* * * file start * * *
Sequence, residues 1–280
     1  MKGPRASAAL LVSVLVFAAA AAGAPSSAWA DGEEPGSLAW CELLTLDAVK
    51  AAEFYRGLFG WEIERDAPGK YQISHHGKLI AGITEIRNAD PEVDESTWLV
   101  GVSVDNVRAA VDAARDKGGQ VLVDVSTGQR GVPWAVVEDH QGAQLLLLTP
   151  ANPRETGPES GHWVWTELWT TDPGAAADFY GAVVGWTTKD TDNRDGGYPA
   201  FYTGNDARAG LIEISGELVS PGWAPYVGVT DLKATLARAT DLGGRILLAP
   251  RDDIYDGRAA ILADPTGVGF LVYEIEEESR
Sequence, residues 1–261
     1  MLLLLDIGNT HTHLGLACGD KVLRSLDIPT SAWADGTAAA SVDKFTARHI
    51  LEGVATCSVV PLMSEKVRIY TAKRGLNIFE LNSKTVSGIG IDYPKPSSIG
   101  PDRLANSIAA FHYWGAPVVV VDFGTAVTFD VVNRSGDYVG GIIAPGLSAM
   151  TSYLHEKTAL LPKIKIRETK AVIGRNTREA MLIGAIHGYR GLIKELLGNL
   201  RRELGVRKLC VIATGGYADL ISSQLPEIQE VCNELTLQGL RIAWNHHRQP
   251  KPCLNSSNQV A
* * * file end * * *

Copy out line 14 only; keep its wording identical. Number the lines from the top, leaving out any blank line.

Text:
   251  KPCLNSSNQV A